How I Roll (from computer to computer)

As I’ve been going through the process of switching over to a new MacBook Pro this week, I’ve been noticing that it’s a lot less painful process then it was once. I think a big part of this is the use of new-ish technologies that allow me to not only move from one computer to the next with ease, but work on multiple computers at once as well. Let’s take a look:

Mail

Although it may seem trivial to most people these days, the fact that I don’t have to move any mail (and contacts, and calendars) around when I switch computers is a convenience that most of us take for granted. We use Exchange here at work, and I’m a Google Apps user for my personal mail. So, for migration I connect Mail.app to exchange and I immediately have all my email, contacts, and work calendar. For my personal mail, I just install the Google Notifier app, and use the web client. Now I’ve got my mail, I’m getting my mail, and we move the next step.

Firefox

Yes, I’m still a Firefox user, and I’m currently using the 4 beta. For a long while, I had been a beta user of their sync functionality, which at the beginning was called weave. Anyway, you just set up an account, pick some (hopefully strong) encryption passwords and keys, and like magic everywhere you use Firefox and add a bookmark, it will be synced to the cloud, and back to every other instance of the browser you use. This is unbelievably convenient. FYI – Chrome has a very similar functionality called Chrome Sync if you are so inclined. I’ve never tried it, but would if I switched to that being my primary browser. So, back to migration: fire up the machine, install Firefox 4, username/password entry, bookmarks synced. Moving on.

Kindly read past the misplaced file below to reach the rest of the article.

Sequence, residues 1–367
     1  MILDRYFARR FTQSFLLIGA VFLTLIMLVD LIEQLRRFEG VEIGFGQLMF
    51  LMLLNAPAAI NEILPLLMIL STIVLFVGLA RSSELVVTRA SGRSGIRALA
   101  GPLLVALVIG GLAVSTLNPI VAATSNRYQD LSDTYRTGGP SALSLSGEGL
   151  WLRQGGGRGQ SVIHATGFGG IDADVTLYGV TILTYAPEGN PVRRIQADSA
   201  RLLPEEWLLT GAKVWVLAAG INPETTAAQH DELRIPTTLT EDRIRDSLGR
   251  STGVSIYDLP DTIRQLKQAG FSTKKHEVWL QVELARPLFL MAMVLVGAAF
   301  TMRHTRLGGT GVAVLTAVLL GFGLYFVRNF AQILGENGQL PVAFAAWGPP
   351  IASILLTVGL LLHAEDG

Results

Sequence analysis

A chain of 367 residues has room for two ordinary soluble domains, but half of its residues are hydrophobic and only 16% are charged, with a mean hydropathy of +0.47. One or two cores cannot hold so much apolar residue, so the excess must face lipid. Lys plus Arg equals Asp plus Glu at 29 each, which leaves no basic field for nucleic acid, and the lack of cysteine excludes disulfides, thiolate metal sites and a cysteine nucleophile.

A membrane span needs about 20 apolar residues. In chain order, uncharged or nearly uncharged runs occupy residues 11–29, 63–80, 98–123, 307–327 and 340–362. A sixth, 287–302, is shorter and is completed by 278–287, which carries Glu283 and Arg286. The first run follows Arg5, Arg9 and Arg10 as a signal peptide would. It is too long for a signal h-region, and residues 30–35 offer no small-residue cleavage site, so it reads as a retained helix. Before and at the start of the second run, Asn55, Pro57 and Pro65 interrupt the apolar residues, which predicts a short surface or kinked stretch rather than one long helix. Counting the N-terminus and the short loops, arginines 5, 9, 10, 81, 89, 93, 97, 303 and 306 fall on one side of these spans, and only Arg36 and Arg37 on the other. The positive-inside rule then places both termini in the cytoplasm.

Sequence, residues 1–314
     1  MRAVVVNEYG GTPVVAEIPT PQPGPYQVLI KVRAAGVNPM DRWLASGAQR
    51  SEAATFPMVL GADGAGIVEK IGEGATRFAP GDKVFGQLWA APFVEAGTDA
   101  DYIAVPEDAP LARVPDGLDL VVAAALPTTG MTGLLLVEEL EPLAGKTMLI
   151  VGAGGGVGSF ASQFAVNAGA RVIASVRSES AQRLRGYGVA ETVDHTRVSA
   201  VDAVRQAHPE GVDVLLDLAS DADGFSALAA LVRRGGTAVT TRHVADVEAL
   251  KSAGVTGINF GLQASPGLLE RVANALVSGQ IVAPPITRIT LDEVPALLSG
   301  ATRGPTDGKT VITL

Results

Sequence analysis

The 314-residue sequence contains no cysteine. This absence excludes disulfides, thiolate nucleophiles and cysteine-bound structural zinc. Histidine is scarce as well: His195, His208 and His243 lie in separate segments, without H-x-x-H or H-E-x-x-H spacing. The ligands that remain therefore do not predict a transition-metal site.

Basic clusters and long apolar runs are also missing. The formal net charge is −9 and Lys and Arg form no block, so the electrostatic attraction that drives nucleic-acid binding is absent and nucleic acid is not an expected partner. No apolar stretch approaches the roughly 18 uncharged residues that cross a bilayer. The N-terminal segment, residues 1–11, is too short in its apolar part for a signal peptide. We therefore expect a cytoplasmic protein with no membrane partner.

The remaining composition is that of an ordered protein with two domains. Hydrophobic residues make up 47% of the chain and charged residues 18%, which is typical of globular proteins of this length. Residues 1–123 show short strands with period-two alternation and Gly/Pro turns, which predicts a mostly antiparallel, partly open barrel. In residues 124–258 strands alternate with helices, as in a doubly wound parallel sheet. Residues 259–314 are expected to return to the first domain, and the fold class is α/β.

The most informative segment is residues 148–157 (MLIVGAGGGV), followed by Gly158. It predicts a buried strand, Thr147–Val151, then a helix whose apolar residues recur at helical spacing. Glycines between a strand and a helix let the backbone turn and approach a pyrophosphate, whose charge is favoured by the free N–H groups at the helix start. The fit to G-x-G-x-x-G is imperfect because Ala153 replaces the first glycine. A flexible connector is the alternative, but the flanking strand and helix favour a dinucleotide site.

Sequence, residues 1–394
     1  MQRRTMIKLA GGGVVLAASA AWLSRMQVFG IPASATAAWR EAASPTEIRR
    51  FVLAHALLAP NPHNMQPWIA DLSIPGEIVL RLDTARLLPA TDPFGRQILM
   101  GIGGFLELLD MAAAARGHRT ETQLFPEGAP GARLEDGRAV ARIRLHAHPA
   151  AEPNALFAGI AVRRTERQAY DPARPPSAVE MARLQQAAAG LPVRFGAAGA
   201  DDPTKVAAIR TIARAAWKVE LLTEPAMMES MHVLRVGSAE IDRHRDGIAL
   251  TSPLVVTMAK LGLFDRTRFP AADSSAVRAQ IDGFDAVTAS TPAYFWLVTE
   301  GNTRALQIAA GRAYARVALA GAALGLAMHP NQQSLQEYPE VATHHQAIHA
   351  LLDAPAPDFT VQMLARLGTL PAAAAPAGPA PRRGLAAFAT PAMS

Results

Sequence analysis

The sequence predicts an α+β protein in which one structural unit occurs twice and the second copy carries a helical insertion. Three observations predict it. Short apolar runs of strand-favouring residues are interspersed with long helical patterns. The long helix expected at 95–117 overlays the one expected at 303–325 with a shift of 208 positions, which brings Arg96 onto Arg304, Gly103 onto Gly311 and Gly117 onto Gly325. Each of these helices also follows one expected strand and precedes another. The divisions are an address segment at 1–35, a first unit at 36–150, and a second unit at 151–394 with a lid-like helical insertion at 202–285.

OSS Software

There are a fair amount of my day-to-day tasks that require the use of some open source software. To this end, I’ve been using the Homebrew package manager on OSX. Although this isn’t in sync with my old machine, it makes finding and installing a lot of the software I need quite trivial. For example, to install git I type “brew install git” into the terminal. I probably had a lot of stuff installed on my old machine I never use, or only used once, so in this case I prefer to start clean and add as I need. With some of the base software I needed installed, we’re on to the next step.

Version Control

My job involves a fair amount of coding, and to that end, I’ve got all sorts of folders full of source code on my machines. Working with that code in multiple places is extremely easy if you embrace source control. All of the major projects that I work on are in subversion, but I must say my favorite system is now git. In fact, it’s so damn easy to set up, I’ve put pretty much all of the little projects I’m working on into it as well, and sync them to another box I use. If you’ve never used it, definitely check out Brian and Hector’s tech talk and give it a shot. So to migrate to the new box: just check out the projects as needed to the new machine. Easy!

Non-Code Files